NGOs, others charge FG to ignore Cross River ultimatum on superhighway
The stakeholders argued that if the approval is given without a proper Environmental Impact Assessment, as required by law, what remains of Nigeria’s 90 percent rainforest found in the state, which is one of the richest in biodiversity in Africa, investment by the National Park, United Nations’ Reduced Emissions from Deforestation and forest Degradation (REDD) carbon credit fund and many others, will be lost while over 180 communities will be negatively impacted. Hence, the state government “should withdraw the empty threat to the Federal Government and tender apology to Cross Riverians.”
Last week, the state government had, through Mrs. Rosemary Archibong, Commissioner for Information, issued a three-week ultimatum to the Federal Government to sanction the construction of its proposed 260km superhighway, saying “the Federal Government must grant approval not later than the middle of March, 2017. We want to continue with our work. In a short time, the rainy season would set in and Cross River State is a place of torrential downpour, and we cannot wait for the rainy season while all the lofty projects of benefit to Cross River and Nigeria suffer.”
The state government said the non-approval of EIA reports for both the superhighway and Bakassi deep-sea port projects had led to the withdrawal of some local and foreign investors.
Conservationists, Non Governmental Organisations (NGO) and impacted communities have rejected the latest EIA submitted by the state and called on the Federal Government not to give approval to the project, until the needful is done, as the Wildlife Conservation Society (WCS) and Flora & Fauna International (FFI) said the EIA was faulty.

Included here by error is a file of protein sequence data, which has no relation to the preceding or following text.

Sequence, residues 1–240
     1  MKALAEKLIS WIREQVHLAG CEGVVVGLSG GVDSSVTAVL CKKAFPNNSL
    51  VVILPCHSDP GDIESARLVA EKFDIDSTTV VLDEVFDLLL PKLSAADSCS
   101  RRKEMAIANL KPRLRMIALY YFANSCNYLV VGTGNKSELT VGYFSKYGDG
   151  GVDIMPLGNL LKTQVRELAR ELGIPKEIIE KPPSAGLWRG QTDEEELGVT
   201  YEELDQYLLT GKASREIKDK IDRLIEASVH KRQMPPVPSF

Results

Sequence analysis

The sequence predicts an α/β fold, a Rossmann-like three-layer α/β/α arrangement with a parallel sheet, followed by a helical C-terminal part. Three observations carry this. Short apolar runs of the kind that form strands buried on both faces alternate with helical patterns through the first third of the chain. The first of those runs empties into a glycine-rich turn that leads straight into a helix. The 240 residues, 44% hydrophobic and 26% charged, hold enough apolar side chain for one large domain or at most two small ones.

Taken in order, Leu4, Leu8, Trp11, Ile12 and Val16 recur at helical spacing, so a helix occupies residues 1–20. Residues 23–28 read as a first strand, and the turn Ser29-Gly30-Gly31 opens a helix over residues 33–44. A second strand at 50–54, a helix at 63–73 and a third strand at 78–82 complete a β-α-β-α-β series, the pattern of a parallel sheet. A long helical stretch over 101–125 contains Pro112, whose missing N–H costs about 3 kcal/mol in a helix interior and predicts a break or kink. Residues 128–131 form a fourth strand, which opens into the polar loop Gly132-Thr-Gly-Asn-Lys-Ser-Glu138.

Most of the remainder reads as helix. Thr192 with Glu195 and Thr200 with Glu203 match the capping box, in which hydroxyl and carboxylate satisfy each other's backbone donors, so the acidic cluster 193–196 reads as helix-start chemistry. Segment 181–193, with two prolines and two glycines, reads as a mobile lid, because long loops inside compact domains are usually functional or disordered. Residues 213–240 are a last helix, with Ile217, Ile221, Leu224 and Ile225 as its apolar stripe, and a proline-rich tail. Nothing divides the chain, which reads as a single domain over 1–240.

The WCS Nigeria Country Director, Mr. Andrew Dunn, in a petition to the to the Ministry of Environment, pointed out that, “this is the third edition of the EIA, yet it still fails to address our original concerns, and contains a number of new errors and false claims. The revised EIA completely fails to consider the negative impacts of the proposed superhighway and its corridor on Cross River National Park and surrounding forests; moreover it contains much data that is clearly false and makes a number of fraudulent claims. The Wildlife Conservation Society considers that the document is fundamentally flawed and should be rejected”.
On its part, the Environmental Rights Action/Friends of the Earth Nigeria (ERA/FoEN), urged the Federal Ministry of Environment to remain resolute in demanding that the Cross River State government comply with environmental standards in the proposed Calabar Super Highway project, as the threat by the state government to go ahead with the Super highway project, when its EIA is still subject to scrutiny, “is very disturbing and unacceptable.”